Deep Breathing Moments in Everyday Life

What are the moments in life when we need a deep breath the most? When do we have to tell ourselves: “Okay, take a deep breath, you’ll be fine”? Medical oxygen users know the value of good breathing, but not all people react to moments in life equally. Sometimes things happen that jostle the system, and it’s in those moments when you need deep breaths the most.

It may sound like a mental mind trick at first, but taking a deep breath triggers a real physiological response in the body that initiates the calm:

“Rapid breathing is controlled by the sympathetic nervous system. It’s part of the ‘fight or flight’ response — the part activated by stress. In contrast, slow, deep breathing actually stimulates the opposing parasympathetic reaction — the one that calms us down” 

-NPR.org

So when you find yourself in situations where rapid breathing is activated, keep this tried-and-true simple method in your back pocket in order to trigger the opposite response in your body.

1. Public Speaking

Speaking in front of a crowd consistently ranks #1 on people’s list of most feared and hated things to do, so much so that it has its own phobia – Glossophobia. With that, of course, comes a tremendous amount of stress.

Speaking in front of people is definitely a deep breath moment. If you find yourself giving a talk, presentation, or toast in front of friends and colleagues, taking a deep breath is a sure fire way to bring your anxiety and breathing down to a more comfortable level.

2. Social Interactions

Have you ever been to a function where you don’t know many people? Or even worse, have you been to a function where you see someone that makes you anxious? These are real feelings, and they’re not good for stress: psychologists have found that negative social interactions increase the risk of hypertension, with women experiencing this affect more profoundly than their male counterparts.

Hypertension has a direct, negative affect on breathing, which is why it’s so important to recognize that affect and try to counter-balance it with deep breaths.

Related Content: Top 6 Social Benefits of Medical Oxygen

3. Sifting Through Finances

Does balancing your checkbook stress you out? It probably comes as little surprise that financial concerns can flare up stress in one’s life.

 

According to the American Psychological Association, 75% of people said “money” was a source of stress, and 49 % listed “housing costs” as well. Worrying accomplishes very little, however. In fact, if money issues are inducing stress, it’s a good idea to try some deep breaths in order to keep stress at a minimum and think through the problem with a level head, instead of addressing the situation with heightened anxiety.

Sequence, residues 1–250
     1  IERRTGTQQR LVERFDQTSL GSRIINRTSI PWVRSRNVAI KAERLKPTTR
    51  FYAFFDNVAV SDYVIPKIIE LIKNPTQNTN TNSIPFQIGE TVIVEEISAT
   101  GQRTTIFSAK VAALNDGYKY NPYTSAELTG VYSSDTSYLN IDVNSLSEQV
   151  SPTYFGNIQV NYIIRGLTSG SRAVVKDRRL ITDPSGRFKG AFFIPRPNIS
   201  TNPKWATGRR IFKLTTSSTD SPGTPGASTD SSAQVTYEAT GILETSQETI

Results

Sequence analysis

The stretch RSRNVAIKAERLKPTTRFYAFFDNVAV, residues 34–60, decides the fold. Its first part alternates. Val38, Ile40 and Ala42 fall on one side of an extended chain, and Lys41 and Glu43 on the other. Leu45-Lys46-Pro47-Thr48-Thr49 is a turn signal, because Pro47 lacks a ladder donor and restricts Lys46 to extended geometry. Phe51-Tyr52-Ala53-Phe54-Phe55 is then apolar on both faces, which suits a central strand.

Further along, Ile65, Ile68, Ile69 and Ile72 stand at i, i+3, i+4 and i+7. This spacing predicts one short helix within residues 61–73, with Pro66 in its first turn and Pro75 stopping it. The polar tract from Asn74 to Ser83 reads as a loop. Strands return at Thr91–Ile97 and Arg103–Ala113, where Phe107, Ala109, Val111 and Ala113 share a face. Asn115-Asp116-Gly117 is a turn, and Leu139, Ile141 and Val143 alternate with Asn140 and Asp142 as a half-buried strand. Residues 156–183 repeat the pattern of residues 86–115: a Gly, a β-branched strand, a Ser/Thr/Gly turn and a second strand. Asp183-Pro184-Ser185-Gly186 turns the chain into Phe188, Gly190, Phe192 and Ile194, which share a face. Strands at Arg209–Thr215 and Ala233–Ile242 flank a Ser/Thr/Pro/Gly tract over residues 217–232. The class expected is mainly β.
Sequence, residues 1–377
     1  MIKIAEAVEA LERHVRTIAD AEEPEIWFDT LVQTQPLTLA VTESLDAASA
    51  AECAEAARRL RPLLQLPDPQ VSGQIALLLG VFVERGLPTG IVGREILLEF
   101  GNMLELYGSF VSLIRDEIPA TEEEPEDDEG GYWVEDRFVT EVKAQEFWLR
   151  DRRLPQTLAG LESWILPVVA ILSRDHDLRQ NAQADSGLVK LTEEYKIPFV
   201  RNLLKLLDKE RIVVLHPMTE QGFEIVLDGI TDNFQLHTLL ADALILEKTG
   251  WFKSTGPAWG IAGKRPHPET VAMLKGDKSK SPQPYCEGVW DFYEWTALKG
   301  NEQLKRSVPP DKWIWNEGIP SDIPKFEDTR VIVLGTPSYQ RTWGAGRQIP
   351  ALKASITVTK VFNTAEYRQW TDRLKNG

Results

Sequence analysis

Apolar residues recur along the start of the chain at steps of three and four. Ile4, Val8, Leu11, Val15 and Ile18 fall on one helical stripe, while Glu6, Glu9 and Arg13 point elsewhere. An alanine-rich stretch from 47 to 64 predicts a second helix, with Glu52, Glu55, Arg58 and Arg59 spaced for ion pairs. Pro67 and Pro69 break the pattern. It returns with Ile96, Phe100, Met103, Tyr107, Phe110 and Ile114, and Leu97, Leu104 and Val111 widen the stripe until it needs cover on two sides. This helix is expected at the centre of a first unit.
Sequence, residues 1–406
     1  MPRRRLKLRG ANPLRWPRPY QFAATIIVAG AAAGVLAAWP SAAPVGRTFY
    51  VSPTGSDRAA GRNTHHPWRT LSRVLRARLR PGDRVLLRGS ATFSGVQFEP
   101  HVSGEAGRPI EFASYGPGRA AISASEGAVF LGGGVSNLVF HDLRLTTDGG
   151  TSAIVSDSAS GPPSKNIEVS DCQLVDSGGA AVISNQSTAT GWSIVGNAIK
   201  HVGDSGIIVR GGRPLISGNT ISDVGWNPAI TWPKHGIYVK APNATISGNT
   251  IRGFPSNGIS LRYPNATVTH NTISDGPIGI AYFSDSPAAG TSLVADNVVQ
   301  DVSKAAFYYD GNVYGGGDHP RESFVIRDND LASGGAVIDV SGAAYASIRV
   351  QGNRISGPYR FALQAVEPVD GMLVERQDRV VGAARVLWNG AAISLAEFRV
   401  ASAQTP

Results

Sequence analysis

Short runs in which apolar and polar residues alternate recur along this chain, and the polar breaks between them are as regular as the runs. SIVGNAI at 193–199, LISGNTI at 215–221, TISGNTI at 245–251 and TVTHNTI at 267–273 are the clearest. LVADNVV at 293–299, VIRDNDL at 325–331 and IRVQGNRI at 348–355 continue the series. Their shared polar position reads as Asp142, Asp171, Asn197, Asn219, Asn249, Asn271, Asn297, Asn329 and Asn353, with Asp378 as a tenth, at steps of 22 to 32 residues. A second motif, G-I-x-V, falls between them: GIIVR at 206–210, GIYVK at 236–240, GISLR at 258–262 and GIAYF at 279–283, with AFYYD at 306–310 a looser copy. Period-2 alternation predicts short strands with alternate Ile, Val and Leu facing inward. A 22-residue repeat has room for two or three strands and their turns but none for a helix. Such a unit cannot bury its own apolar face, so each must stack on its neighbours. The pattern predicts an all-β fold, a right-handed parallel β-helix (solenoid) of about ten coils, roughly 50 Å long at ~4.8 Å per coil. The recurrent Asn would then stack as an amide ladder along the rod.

4. Driving

Anyone who has ever sat through a traffic jam knows how it can drive stress levels through the roof. The clock ticks away, you make zero progress, and your plans have to change or be altered on the fly.  Health central reminds us that “We have a good level of personal control over driver stress and it’s important to acknowledge this. […] A little relaxing music can help. Driving is as much a state of mind as anything else.” Taking a deep breath will go a long way in acknowledging that “personal control” we have over driver stress.

5. Milestones

Huff Post Healthy Living points out that even happy life events can somehow cause stress and anxiety. Birthdays appear on their list for the reason that another year gone by tends to make us contemplative and be hyper-aware of our goals in life. They recommend mindfulness practices in order to “stay present”, and part of that can include taking deep breaths.

Retirement is also listed as one happy event that can still induce stress. While the work is over, often times the planning is just beginning. There is newfound free time, not to mention new financial challenges. It will all feel more manageable if these experiences are viewed as new opportunities, not obstacles. Part of getting into that frame of mind starts with taking some relaxing deep breaths.

A deep breath isn’t a solve-all, but it is a good first step in many high-stress situations. The best thing to do is be mindful of what triggers we have for stress, and to remember the deep breaths even more during those times.

For Inogen’s own solutions to better breathing, visit the world of Inogen One concentrators.

 

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